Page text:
By Tim Devaney - 03/03/14 08:14 PM EST
The Justice Department is looking to crack down on weapons trafficking by extending a program that allows agents to seize the property of criminal organizations after arrests are made.
The idea is to ensure that people who were not arrested cannot continue running the illegal operation.
“The Department of Justice believes that forfeiting the assets of criminals is an essential tool in combating criminal activity and provides law enforcement with the capacity to dismantle criminal organizations that would otherwise continue to function after the conviction and incarceration of individual participants,” the agency wrote in Tuesday's edition of the Federal Register.
This strategy is not new, but the Justice Department has given it a twist by allowing the director of the Bureau of Alcohol, Tobacco, Firearms, and Explosives (ATF) to seize the property of drug dealers in an effort to nab gun traffickers. The first year of the program was successful, the agency said, so it is extending it for another year.
The theory is that many gun traffickers also deal drugs, so if the ATF shuts down an illegal drug operation, it may lead them to bigger fish.
“ATF investigations focusing on violent crime frequently involve complex criminal organizations with multiple criminal enterprises, and uncover drug-related offenses in addition to offense within ATF’s primary jurisdiction, such as violations of the Gun Control Act,” the agency wrote.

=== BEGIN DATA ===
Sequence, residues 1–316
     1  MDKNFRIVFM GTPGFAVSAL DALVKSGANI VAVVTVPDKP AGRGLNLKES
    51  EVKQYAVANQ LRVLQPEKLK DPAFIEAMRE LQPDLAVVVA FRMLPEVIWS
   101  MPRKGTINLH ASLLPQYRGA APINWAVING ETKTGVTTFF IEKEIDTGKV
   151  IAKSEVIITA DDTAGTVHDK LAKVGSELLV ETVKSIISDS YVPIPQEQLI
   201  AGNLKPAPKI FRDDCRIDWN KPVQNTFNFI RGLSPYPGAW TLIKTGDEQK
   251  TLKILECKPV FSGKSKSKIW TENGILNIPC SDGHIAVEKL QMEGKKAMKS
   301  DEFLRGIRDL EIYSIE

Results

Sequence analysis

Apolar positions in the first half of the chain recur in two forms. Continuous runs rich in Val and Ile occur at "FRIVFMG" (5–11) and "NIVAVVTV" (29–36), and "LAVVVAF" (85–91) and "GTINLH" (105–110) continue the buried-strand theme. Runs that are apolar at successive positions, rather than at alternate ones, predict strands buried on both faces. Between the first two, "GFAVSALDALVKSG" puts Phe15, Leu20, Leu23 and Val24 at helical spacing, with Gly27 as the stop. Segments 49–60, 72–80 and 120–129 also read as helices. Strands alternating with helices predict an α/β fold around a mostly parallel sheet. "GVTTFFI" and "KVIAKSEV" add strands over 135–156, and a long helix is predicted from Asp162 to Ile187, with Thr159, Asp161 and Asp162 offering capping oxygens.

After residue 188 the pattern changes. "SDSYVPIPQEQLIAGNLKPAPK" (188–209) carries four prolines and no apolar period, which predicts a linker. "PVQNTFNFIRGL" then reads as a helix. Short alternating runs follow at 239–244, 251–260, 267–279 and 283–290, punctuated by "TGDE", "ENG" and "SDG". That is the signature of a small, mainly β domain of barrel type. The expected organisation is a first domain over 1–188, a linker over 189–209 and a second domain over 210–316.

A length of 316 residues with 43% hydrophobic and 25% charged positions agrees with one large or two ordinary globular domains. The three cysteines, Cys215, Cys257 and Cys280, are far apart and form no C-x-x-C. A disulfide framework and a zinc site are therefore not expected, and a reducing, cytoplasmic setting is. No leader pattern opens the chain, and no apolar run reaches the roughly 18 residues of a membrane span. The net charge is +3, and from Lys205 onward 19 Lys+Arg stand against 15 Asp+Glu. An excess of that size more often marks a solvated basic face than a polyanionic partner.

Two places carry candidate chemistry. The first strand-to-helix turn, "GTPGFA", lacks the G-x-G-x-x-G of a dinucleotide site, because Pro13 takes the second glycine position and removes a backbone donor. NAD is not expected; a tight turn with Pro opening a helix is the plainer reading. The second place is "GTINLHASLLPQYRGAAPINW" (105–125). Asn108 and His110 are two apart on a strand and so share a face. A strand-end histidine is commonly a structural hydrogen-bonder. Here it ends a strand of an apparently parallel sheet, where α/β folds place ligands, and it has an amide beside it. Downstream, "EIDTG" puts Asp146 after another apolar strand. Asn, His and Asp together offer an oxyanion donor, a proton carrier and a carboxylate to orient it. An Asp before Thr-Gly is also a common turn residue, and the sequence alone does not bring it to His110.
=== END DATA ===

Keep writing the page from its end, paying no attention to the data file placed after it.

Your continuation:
The Justice Department said ATF seized 339 assets with a value of more than $5 million during the first year of the program in 2013. Seizing the property of drug dealers can help cut off the entire operation, the agency noted.
The ATF's authority to seize properties for drug-related offenses under this program expired on Feb. 25, but the Justice Department is extending it for another year, effective immediately.
Traditionally, the ATF could seize the property of illegal weapons dealers, but drug dealers fell under the jurisdiction of the Drug Enforcement Administration. This program streamlines the effort, so ATF can link drug dealers to weapons traffickers.
They say this will speed up the process and save taxpayer money by avoiding court proceedings in some cases.
“ATF seized both narcotics-related assets and firearms or explosives in approximately 70 percent of the cases in which property was seized,” the agency wrote. “The authority gives ATF the ability to process narcotics related property seized in criminal investigations in which firearms and explosives also are seized.”